Detroit Pistons’ rookie Jalen Duren: ‘I felt like I could hold my own at this level’

Detroit Free Press

From the outside, it may appear that Jalen Duren is ahead of schedule.

The 6-foot-11 big man became the youngest player in the NBA when the Detroit Pistons traded for the 13th overall pick and the rights to Duren during the 2022 draft. Less than 30 games into his career, he’s already a full-time starter. The coaching staff inserted him with the first unit Dec. 9, and his play over the last 10 days has justified the decision to let the teenager go head-to-head against the league’s best big men.

Friday’s 15-point, 14-rebound performance against the Sacramento Kings was Duren’s fifth-straight game with at least 12 rebounds and his third double-double in five games. According to ESPN Stats & Info, he and Dwight Howard are the only teenagers in NBA history to grab at least 12 rebounds in five consecutive games. Everything else for Duren — the shot contests, defensive rotations, his lob catches and even the occasional post hook — have improved week-by-week.

But for Duren, who turned 19 years old in November, none of this is a surprise.

He’s never questioned his readiness to play, at any level. In August 2021, the then-17-year-old committed to Memphis and immediately reclassified to join the program that fall. He was a standout, earning unanimous American Athletic Conference Freshman of the Year honors even though he wasn’t a legal adult until his fourth regular season game.

Now he’s making his case as one of the best rookies in the NBA, despite being at least a year younger than the rest of his class. He doesn’t like that his age shaped expectations for him coming into his rookie season. His teammates sometimes forget how young he is, and that’s because he doesn’t carry himself like a young player.

“I set goals for myself, and I’m the type of guy who, it’s a good and a bad thing, but I take a lot of things personally,” Duren told the Free Press in a one-on-one interview Saturday. “Guys are like, ‘He’s young, he might have to go into the G League, he might have to develop first,’ which is cool, which I understood, but I know who I am and I know the work I put in. I felt like I could hold my own at this level.

“What I’m saying is, where I am now isn’t a surprise to me or the people around me. I know where I’m supposed to be and where I see myself being.”

Pistons head coach Dwane Casey acknowledges that Duren’s path thus far has been atypical. His first two months of the season have been dotted by thunderous dunks and blocks, sky-high rebounds and the expected rookie moments. Duren was high on Detroit’s draft board, and he has illustrated why the team thought so highly of him and is thrilled for what will come next.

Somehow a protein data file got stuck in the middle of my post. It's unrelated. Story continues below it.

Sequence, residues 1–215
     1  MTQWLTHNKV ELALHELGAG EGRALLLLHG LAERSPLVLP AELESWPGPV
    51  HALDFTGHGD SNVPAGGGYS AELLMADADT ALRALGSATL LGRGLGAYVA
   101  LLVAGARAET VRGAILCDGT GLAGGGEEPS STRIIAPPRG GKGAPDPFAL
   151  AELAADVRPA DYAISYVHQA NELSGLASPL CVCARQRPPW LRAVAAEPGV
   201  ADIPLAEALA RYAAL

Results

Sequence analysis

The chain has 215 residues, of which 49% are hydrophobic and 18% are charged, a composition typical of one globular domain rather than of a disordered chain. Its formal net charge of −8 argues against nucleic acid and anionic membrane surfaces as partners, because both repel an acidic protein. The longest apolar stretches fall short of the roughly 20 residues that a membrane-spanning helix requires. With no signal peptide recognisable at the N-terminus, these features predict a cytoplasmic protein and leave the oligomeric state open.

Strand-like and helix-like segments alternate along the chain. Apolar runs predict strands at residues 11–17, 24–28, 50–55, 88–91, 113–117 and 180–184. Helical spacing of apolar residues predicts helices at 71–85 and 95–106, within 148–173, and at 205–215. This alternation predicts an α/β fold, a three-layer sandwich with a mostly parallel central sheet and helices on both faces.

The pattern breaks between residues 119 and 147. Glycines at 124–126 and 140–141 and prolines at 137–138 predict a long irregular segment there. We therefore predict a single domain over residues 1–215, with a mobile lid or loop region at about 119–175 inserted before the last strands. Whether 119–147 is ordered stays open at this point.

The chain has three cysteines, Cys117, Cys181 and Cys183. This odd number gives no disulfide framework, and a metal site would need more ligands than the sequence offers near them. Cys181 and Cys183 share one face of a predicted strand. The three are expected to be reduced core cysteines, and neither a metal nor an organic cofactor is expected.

“It’s just a lot of self-confidence, a lot of people around me believing in me and knowing how much work I put in,” Duren said. “I left school a year early and went to college. All that stuff was a big transition for me. Early on you’re dealing with a lot of adversity, even early on in this season. I feel like now I’m starting to catch my stride, like I knew I would.”

A quick learner

Month-by-month, Duren’s feel for the NBA game has improved. He’s averaging 10 rebounds per game in December after grabbing 6.7 in October and 7.3 in November. It’s a dramatic improvement compared to summer league, when he averaged just 3.3 rebounds through three games.

The coaching staff has been impressed by how quickly Duren has picked things up, and it’s a significant reason why Casey is comfortable with him in the starting lineup.

“To his credit, he’s improved quicker than we ever thought, and he’s a quick learner, he’s a quick lesson,” Casey said on Dec. 10. “He picks up things quickly. He’s still not a finished product. He can get tricked by those older vet bigs. He’s learning through experience.”

Even though all of Duren’s athletic gifts didn’t immediately translate during summer league, Casey had a hunch that his learning curve could be faster than it is for many rookies. Duren is already one of the NBA’s most athletic bigs. And he has a distinguished role as a screen-setter on offense and paint prowler on defense. As he’s gotten more comfortable, he’s been able to showcase his various strengths.